(Author’s Note: This piece is taken, in part, from the Student Workbook I authored for T3: Revelation, The Lion and the Lamb.)
Every year around the Feast of All Souls (November 2nd) my inbox fills with questions regarding the Catholic Church’s teaching on Purgatory. Some questions are from cradle Catholics wanting to better understand what we believe. Some emails are from Protestant Christians wanting to know why the Catholic Church “made Purgatory up?” Still other emails are from people wondering if the Church still teaches the doctrine of Purgatory since they don’t hear much about it anymore.
The quick answer is “yes,” Purgatory is very much a reality. The early Church fathers encouraged praying for the dead from the very beginning – it was seen as an act of Christian charity, a way for those living to assist those dead but not yet in heaven.
St. Augustine (beloved by Christians of all denominations), himself, said, “”If we had no care for the dead, we would not be in the habit of praying for them.”
Still, many non-Catholic Christians do not believe in Purgatory because they believe it has no basis in Scripture. In fact, there are several biblical passages that support the doctrine of Purgatory.
It is true that the word “Purgatory” is not mentioned in Scripture. (Many theological terms that all Christians accept are not found in the Bible, either: “Trinity,” for example.) The verb purge comes from a Latin term meaning “to purify.” So Purgatory is a state of cleansing in which our souls are purified from sin.
In Revelation 21:27 it clearly states that “nothing unclean will enter Heaven.” Likewise, in 1 Corinthians 3:15, St. Paul states that “if someone’s work is burned up, that one will suffer loss; the person will be saved, but only as through fire.” Clearly, the “fire” mentioned here by Paul cannot refer to hell because he says that the “person will be saved.” There is no salvation for those in hell.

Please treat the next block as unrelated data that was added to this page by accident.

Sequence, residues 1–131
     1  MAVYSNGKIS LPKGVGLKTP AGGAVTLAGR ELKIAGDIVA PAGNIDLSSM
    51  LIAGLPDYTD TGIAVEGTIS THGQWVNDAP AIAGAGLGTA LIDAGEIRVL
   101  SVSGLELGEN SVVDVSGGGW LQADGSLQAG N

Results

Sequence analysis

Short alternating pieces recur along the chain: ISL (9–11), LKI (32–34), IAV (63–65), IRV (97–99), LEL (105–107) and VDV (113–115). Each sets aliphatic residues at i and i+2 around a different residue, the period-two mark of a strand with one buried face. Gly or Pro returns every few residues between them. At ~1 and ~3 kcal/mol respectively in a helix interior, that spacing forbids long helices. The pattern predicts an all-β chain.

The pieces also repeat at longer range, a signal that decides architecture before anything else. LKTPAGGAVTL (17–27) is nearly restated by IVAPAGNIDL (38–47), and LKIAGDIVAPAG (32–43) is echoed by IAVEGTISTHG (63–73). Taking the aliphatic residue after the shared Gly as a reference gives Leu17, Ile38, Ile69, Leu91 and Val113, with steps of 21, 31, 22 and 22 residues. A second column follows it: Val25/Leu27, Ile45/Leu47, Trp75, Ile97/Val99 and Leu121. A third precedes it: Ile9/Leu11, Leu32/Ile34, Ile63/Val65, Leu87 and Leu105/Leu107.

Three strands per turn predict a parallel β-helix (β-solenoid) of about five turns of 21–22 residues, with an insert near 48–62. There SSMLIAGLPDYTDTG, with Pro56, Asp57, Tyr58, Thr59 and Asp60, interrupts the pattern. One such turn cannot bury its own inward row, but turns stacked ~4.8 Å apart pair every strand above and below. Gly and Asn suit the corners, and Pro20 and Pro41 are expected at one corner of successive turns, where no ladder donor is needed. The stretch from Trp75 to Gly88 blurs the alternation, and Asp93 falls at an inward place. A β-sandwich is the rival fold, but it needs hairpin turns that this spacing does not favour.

Jesus Himself teaches us that some sins can be forgiven in the “next world,” as we hear in Matthew 12:32 and elsewhere (1 Pt 3:18-20, 4:6). St. Paul prayed for the dead, too (2 Timothy 1:16-18). In addition, there is a passage in 2 Maccabees 12:44-46 which clearly speaks of the existence of Purgatory. The real question, then, isn’t “Where is Purgatory found in the Bible?” but “Why does there need to be a Purgatory at all?”
God is perfect holiness (Isaiah 6:3). We are called to be perfectly holy (Matthew 5:48, 1 Peter 1:15-16). Without perfect holiness, we cannot see God in Heaven (Hebrews 12:14). Purgatory is meant for our cleansing and sanctification (Hebrews 12:11). All discipline and affliction leads us closer to God, if we let it (Romans 5:3-5, James 1:2).
Christ accomplished our justification by dying on the Cross. But the Bible teaches us that we are made holy over time (the process of sanctification), and this process involves suffering. Purgatory is just the final stage of sanctification for those in need of purification prior to entering the perfect and eternal banquet of Heaven.
Bonus: You might want to take a few minutes and check out these passages in the Catechism, too: CCC 1030-32, 1472.